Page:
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Int J Obes (Lond). 2012 Jan;36(1):130-6. doi: 10.1038/ijo.2011.24. Epub 2011 Mar 8.

Apolipoprotein A-II polymorphism: relationships to behavioural and hormonal mediators of obesity.

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  • 1Jean Mayer US Department of Agriculture Human Nutrition Research Center on Aging, Tufts University School of Medicine, Boston, MA, USA.



The interaction between apolipoprotein A-II (APOA2) m265 genotype and saturated fat for obesity traits has been more extensively demonstrated than for any other locus, but behavioural and hormonal mechanisms underlying this relationship are unexplored. In this study, we evaluated relationships between APOA2 and obesity risk with particular focus on patterns of eating and ghrelin, a hormonal regulator of food intake.


Cross-sectional study.


Overweight and obese subjects (n=1225) were evaluated at baseline in five weight loss clinics in southeastern Spain.


Behavioural data were assessed using a checklist of weight loss obstacles. Logistic regression models were fitted to estimate the risk of a specific behaviour associated with APOA2 genotype. Relationships between APOA2 genotype and saturated fat intakes for anthropometric traits and plasma ghrelin were evaluated by analysis of variance. To construct categorical variables to evaluate interactions, saturated fat intake was dichotomized into high and low according to the population median intake or as tertiles.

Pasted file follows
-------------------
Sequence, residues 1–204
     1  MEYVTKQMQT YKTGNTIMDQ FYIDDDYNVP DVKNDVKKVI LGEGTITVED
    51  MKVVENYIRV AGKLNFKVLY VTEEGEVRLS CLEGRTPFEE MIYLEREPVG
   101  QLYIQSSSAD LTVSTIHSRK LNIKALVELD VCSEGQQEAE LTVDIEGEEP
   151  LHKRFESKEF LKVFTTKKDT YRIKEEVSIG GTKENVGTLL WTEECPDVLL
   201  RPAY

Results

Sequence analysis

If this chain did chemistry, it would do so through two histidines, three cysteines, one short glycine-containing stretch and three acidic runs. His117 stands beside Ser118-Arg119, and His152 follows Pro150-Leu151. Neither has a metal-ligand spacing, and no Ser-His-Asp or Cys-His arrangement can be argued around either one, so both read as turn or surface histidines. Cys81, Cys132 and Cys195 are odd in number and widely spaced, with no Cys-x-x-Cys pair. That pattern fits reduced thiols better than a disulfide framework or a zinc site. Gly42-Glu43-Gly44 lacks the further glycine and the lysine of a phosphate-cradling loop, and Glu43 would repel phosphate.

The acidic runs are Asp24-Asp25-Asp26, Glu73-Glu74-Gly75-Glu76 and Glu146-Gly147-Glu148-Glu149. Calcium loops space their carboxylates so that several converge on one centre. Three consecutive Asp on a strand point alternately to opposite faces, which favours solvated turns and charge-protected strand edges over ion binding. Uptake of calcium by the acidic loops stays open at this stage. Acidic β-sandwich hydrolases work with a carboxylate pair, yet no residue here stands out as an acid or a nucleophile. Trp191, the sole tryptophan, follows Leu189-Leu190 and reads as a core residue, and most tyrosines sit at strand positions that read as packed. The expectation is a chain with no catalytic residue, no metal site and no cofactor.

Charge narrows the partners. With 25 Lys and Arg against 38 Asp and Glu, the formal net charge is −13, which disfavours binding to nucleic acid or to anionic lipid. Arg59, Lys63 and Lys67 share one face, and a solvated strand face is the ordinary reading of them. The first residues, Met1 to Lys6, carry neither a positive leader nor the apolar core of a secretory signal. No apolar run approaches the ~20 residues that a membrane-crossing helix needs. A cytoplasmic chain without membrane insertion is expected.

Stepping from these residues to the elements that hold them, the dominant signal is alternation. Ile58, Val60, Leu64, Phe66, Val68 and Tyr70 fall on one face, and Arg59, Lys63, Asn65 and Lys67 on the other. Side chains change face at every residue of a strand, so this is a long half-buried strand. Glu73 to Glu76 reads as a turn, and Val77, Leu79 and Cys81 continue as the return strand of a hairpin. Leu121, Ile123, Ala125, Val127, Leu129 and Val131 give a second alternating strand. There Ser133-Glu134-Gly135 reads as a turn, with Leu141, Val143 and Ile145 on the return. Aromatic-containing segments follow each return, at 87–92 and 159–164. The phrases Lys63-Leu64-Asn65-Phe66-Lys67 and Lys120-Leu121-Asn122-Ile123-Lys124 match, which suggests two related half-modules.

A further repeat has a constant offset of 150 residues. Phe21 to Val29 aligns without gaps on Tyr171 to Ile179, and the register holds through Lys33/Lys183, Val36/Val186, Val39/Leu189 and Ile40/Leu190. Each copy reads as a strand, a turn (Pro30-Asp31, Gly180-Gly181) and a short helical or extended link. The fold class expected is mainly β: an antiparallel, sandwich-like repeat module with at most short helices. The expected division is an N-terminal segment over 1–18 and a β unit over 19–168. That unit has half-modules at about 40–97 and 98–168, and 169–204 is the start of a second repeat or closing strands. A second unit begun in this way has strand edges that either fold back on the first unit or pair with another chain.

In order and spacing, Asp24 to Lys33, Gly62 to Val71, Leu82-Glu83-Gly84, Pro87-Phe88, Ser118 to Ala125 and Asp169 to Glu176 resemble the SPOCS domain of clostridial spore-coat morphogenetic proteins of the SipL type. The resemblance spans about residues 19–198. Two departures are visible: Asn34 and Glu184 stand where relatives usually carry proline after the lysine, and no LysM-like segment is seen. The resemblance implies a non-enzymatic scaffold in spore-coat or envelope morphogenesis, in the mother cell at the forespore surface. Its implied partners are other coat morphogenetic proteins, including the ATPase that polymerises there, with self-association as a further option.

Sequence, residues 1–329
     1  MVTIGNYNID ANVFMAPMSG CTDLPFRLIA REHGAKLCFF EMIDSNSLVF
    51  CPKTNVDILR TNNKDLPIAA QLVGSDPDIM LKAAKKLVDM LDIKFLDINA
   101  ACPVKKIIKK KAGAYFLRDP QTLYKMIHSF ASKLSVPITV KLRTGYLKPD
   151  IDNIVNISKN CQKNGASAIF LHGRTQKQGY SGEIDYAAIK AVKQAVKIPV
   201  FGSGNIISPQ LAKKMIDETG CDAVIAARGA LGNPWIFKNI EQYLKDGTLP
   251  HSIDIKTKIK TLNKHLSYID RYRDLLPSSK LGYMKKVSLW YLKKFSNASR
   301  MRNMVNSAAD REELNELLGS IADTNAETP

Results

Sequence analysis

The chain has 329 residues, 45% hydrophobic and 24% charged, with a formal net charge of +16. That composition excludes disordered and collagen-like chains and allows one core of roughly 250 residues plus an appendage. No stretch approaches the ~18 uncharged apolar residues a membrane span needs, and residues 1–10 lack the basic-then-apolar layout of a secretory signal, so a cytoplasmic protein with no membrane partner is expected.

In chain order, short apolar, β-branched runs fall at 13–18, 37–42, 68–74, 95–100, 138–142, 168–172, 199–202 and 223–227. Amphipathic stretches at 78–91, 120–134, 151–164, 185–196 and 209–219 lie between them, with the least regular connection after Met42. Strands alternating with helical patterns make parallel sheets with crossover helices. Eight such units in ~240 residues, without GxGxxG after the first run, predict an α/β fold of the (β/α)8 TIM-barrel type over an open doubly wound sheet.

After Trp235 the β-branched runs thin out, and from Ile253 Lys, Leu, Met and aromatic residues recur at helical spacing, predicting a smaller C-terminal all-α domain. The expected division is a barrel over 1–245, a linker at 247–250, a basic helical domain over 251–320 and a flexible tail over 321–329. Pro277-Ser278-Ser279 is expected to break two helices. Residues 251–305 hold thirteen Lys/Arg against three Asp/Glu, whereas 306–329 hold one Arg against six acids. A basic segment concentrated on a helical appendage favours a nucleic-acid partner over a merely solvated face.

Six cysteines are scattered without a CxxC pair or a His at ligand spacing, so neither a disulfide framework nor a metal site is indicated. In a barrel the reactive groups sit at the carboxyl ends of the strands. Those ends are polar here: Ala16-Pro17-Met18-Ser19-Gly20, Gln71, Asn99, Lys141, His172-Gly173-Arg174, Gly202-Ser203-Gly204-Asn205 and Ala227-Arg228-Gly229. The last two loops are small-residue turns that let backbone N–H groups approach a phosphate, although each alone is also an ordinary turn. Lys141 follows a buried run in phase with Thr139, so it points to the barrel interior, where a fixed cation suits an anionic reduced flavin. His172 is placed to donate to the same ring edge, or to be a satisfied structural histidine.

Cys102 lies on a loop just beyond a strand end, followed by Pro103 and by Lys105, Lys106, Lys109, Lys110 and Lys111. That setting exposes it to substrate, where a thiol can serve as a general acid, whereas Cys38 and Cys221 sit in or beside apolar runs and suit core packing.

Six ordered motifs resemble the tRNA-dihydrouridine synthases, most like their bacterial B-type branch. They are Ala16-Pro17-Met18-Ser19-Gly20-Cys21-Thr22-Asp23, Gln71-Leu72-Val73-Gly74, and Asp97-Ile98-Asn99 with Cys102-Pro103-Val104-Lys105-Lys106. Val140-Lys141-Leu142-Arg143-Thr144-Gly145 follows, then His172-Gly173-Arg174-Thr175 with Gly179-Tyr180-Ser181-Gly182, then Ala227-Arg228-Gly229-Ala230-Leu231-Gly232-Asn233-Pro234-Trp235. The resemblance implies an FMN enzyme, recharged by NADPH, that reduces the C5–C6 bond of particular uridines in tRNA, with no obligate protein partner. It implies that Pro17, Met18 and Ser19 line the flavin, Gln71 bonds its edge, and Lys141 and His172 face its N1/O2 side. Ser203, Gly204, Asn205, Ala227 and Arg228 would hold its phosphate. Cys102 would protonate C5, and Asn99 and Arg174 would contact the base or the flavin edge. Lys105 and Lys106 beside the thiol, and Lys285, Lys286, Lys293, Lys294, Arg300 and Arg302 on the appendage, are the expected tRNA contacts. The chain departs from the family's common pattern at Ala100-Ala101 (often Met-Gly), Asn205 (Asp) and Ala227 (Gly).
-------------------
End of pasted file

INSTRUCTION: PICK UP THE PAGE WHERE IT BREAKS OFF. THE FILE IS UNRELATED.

Homozygous minor (CC) subjects were more likely to exhibit behaviours that impede weight loss ('Do you skip meals', odds ratio (OR)=2.09, P=0.008) and less likely to exhibit the protective behaviour of 'Do you plan meals in advance' (OR=0.64, P=0.034). Plasma ghrelin for CC subjects consuming low saturated fat was lower compared with (1) CC subjects consuming high saturated fat, (2) TT+TC carriers consuming low saturated fat and (3) TT+TC carriers consuming high saturated fat (all P<0.05).


APOA2 m265 genotype may be associated with eating behaviours and dietary modulation of plasma ghrelin. Expansion of knowledge of APOA2 and obesity to include modulation of specific behaviours and hormonal mediators not only broadens understanding of gene-diet interactions, but also facilitates the pragmatic, future goal of developing dietary guidelines based on genotype.

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